Carl Jones, 36, ventured into Snowdonia National Park after dark and photographed the striking cluster of stars, which stretch in straight lines either side of a dark void.
His images, which are wonderful shades of purple, red and white, have the sharp silhouettes of hills and lakes in the foreground.
Mr Jones, from Rhyd-y-Clafdy, North Wales, said: ‘The photographs were taken at one of my favourite locations in Snowdonia, Llyn Y Dywarchen.
‘I’ve always been fascinated by the stars and night sky so I don’t mind taking my camera up a mountain in the evening.
‘I leave the shutter open and just sit in awe of it all.’
He added: ‘Anyone can see the Milky Way. You just need to head out somewhere dark, which is easier said than done for many people, and let your eyes adjust for ten minutes.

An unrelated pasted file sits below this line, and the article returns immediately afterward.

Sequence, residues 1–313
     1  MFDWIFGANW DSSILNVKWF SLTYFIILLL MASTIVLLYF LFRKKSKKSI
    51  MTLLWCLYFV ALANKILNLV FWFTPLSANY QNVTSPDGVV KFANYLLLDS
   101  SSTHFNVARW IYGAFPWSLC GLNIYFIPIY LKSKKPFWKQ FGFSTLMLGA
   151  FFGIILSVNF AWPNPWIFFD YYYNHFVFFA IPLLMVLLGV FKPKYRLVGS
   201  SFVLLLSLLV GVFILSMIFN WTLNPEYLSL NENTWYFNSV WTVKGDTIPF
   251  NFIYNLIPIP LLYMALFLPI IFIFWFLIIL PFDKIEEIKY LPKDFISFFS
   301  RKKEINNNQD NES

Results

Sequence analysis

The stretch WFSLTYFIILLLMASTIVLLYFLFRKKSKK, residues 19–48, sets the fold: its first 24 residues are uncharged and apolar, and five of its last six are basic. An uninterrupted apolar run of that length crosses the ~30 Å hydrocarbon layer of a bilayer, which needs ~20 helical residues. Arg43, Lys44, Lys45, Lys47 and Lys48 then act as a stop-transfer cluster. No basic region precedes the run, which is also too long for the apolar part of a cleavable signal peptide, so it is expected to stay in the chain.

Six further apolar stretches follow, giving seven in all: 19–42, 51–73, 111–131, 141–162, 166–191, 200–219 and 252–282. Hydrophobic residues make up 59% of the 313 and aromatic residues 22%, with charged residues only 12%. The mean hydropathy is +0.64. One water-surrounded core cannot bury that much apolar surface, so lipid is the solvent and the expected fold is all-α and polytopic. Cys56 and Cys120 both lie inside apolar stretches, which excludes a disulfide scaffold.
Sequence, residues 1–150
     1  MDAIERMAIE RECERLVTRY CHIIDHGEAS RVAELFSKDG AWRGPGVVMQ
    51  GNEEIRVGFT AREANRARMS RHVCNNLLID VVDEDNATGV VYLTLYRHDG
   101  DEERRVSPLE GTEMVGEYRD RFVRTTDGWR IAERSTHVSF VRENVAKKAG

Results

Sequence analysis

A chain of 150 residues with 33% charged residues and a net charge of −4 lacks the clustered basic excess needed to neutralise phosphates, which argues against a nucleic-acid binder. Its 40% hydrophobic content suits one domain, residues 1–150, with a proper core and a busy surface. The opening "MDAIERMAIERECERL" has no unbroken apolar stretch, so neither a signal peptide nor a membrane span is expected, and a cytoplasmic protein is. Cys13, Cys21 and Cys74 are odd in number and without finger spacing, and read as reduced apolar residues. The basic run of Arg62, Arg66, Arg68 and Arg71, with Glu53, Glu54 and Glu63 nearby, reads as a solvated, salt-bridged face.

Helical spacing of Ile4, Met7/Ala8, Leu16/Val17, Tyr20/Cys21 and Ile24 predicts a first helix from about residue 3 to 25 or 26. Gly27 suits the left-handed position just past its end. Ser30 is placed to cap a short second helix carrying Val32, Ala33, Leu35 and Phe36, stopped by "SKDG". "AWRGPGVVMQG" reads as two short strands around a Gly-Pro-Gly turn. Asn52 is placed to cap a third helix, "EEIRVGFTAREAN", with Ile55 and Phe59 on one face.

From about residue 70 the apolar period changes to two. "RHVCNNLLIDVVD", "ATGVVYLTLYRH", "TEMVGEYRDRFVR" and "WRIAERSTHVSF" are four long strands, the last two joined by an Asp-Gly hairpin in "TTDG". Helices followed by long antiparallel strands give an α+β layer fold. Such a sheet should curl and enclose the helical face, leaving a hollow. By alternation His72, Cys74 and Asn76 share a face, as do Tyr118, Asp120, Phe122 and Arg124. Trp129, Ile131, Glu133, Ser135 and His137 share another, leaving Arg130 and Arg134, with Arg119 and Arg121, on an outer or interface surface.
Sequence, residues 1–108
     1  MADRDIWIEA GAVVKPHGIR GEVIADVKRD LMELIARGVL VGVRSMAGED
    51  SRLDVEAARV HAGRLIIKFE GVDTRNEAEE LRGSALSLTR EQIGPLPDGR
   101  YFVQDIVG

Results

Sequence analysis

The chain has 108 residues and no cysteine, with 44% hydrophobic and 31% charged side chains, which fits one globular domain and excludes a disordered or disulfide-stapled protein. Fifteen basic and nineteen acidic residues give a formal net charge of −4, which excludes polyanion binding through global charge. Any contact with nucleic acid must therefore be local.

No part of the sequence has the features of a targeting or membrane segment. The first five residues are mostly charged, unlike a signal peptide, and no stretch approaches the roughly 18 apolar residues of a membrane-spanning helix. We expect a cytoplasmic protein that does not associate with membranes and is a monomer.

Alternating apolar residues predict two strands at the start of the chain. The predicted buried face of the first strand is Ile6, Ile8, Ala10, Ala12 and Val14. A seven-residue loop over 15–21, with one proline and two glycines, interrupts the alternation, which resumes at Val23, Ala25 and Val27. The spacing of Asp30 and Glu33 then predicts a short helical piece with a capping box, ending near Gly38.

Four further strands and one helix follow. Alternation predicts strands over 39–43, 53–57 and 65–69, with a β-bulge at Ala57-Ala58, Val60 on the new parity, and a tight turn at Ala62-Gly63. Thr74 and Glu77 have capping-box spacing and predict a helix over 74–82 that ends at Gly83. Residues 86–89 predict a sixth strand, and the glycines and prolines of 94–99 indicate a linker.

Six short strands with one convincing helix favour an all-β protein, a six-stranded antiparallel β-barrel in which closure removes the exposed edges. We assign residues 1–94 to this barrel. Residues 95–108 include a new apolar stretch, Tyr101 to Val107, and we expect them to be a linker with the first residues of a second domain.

‘It appears as a dusty, cloud-line across the sky.
‘Through the centre of the Milky Way is a dark area, which one may mistake as being devoid of stars but it’s actually an area I believe is referred to as the Great Rift.
‘Light is unable to escape through a number of dark nebulae which are present there.’
His photos show clusters of stars in a starfield, or a star trail, which shows the movement of the earth through the sky.
He said: ‘I’ve always been fascinated by star trail images.
‘People think it shows the stars moving through the sky, whereas in reality what they display is the rotation of the earth, with the stars staying relatively stationary.’